But, someone with deferred-action status can get from the Department of Homeland Security the authorization to be employed in the US. See 8 CFR § 274a.12(c)(14) (authorizing grant of a work permit to “[a]n alien who has been granted deferred action, an act of administrative convenience to the government which gives some cases lower priority, if the alien establishes an economic necessity for employment”). Such work authorization can be terminated or revoked at any time because of, among other things, a pre-set expiration date, or for good cause. See 8 CFR § 274a.14(a)-(b).
With such a work permit, a person with deferred-action status is no longer an “unauthorized alien” that employers must not knowingly employ, see 8 USC § 1324a(a), because an “unauthorized alien” can’t be someone who is “authorized to be so employed by this chapter or by the Attorney General,” 8 USC § 1324a(h)(3). The work permit itself, however, doesn’t change a person’s immigration status with respect to their eligibility to be admitted into the US. See Guevara v. Holder, 649 F.3d 1086, 1092 (9th Cir. 2011) (“There is no language in the statute or regulations that suggests aliens, not previously admitted, become ‘admitted,’ when they are granted employment authorization under 8 C.F.R. § 274a.12(c).”).
Employer Alienage Discrimination
What ifemployers refuse to hire or otherwise discriminate against a person because of his or her deferred-action immigration status? Discrimination based on a person’s citizenship status is called alienage discrimination. Title VII of the Civil Rights Act of 1964 does not expressly prohibit alienage discrimination. 42 U.S.C. § 2000e-2(a)-(c). Federal immigration law does prohibit alienage discrimination, 8 U.S.C. § 1324b(a)(1)(B), but only for US citizens, lawful permanent residents, refugees, and asylum grantees, see 8 U.S.C. § 1324b(a)(3). Even with a work permit, a person with deferred-action status falls outside that class of protected individuals. See Letter from Seema Nanda, Deputy Special Counsel, US Department of Justice, to David Burton, General Counsel, National Small Business Administration, dated Sep. 10, 2012.
Enter section 1981: “All persons within the jurisdiction of the United States shall have the same right in every State and Territory to make and enforce contracts . . . as is enjoyed by white citizens . . . .” 42 U.S.C. § 1981(a) (emphasis added). Originally enacted by the Reconstruction Congress after the Civil War as part of the Civil Rights of 1870, section 1981 today expressly extends to “impairment by nongovernmental discrimination,” 42 U.S.C. § 1981(c), and has been read to prohibit alienage discrimination by employers, see Anderson v. Conboy, 156 F.3d 167 (2d Cir. 1998); Duane v. GEICO, 37 F.3d 1036 (4th 1994). However, an employer does not violate section 1981 by knowingly refusing to hire someone who is an “unauthorized alien” under 8 U.S.C. § 1324a(a) (for example, a deferred-action recipient without a work permit). In such a case, “that employer is discriminating on the basis not of alienage but of noncompliance with federal law.” Anderson, 156 F.3d at 180.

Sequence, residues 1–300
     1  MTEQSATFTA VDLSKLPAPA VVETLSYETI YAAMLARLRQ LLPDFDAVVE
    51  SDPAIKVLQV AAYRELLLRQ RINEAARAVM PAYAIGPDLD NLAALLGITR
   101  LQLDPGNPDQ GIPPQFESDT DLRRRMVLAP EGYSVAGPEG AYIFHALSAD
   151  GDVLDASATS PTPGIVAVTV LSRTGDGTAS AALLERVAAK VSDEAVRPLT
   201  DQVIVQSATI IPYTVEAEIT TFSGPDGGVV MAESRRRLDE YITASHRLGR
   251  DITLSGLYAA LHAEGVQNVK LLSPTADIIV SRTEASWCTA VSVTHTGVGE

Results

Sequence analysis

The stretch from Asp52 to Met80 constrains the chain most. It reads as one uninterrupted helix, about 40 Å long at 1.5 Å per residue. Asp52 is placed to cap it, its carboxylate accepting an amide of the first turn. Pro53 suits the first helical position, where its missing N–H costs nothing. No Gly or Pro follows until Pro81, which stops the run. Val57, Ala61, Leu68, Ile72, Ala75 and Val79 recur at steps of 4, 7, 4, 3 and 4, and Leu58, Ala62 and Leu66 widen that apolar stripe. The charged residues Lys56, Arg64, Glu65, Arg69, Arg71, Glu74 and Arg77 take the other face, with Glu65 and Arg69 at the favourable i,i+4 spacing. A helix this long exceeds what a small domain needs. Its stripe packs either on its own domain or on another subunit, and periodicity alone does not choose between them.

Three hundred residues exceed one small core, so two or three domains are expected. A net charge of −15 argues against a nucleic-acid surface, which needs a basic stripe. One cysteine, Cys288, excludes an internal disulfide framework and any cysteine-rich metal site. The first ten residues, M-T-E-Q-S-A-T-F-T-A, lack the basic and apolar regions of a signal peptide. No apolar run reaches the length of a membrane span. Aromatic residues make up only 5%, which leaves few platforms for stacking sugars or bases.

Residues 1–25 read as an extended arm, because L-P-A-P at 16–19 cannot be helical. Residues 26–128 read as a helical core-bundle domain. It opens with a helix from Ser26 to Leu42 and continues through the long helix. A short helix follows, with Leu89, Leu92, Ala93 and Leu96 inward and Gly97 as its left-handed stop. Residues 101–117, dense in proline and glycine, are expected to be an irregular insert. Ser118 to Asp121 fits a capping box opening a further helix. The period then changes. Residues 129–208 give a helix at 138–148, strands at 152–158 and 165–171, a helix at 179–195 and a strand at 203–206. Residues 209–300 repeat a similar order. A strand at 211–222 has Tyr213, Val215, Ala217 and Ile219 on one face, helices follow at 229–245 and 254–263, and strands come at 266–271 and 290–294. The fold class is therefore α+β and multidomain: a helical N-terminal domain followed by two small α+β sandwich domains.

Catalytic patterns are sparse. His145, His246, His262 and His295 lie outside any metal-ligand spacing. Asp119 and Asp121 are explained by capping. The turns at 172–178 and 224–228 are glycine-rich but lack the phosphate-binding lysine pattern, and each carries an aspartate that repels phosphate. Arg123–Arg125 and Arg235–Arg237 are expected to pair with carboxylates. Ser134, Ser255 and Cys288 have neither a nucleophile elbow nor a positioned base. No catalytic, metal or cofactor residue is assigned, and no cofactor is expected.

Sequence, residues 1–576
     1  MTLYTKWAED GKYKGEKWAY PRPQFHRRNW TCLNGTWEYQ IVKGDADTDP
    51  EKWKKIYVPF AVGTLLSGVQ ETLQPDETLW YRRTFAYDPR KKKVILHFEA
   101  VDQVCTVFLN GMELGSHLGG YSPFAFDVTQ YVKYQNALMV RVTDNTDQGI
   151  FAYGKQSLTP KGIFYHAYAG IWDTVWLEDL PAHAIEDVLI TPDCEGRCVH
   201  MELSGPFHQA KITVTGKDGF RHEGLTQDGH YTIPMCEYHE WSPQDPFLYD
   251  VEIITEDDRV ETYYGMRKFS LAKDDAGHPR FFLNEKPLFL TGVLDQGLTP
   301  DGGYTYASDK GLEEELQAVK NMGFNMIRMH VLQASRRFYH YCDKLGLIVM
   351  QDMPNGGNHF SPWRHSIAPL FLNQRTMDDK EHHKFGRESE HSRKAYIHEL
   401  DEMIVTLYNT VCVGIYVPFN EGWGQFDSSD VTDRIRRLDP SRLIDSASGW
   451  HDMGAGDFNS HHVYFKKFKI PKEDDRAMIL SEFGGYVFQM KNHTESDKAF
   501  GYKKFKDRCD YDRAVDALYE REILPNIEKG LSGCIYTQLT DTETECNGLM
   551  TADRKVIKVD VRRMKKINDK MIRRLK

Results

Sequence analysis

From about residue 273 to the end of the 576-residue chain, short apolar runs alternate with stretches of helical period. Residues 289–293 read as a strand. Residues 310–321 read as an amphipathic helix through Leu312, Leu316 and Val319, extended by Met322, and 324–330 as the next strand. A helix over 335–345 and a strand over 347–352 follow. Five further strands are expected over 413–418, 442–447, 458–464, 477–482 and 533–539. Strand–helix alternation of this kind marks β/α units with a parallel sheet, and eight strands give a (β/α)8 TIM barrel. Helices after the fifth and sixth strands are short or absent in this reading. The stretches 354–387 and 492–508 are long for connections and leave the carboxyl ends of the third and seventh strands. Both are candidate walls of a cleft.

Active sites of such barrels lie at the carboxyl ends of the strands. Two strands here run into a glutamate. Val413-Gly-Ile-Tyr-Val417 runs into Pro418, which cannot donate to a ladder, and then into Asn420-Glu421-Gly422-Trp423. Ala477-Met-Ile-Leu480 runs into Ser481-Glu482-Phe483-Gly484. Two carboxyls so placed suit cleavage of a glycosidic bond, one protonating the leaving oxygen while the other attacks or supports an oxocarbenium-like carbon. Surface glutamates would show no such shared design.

In Juarez v. Northwestern Mutual Life Insurance Co., Juarez alleged the following: He was a Mexican national living in New York. In 2012, he obtained deferred-action status, and then, as that status allows, he got a federal work permit and a Social Security number. During a job interview with Northwestern Mutual, Juarez was asked whether he was a US citizen or a legal permanent resident. He explained that he had deferred-action status. Northwestern Mutual refused to hire him, because it had a policy of refusing to hire anyone who is neither a US citizen nor a permanent resident.
Juarez sued, alleging alienage discrimination in violation of 42 USC 1981. On its motion to dismiss, Northwestern Mutual argued that Juarez had no section 1981 claim: Since its policy permitted employment of a US legal permanent resident as well as a US citizen, Northwestern Mutual refused to hire Juarez because he lacked a green card, not because he lacked US citizenship.
On November 14, 2014, District Judge Katherine Forrest denied the motion to dismiss. Judge Forrest concluded that section 1981 extends “to all lawfully present aliens, whether or not they have a green card.” An employer can’t escape section 1981 liability for discriminating against a member of a protected class simply by showing that it did not discriminate against every member of that class. And here, since the employer’s alleged policy discriminated on its face against “lawfully present aliens without green cards—a protected subclass,” Juarez had stated a claim under section 1981 by alleging that Northwestern Mutual had rejected him pursuant to that policy. For further support, Judge Forrest also discussed precedent interpreting the Equal Protection Clause to invalidate State laws because they discriminated against certain subclasses of lawfully-present aliens.
Hat tip: Jon Bauer
Tuesday, November 25, 2014
There is an interesting article at CNN Money which discusses a disturbing but important employment trend in this country. The piece looks at the movement towards employing part-time workers rather than using full-time employees. The article notes the specific disadvantages for workers in this trend, and examines the percentage of these part-time workers in individual states across the nation. From the article: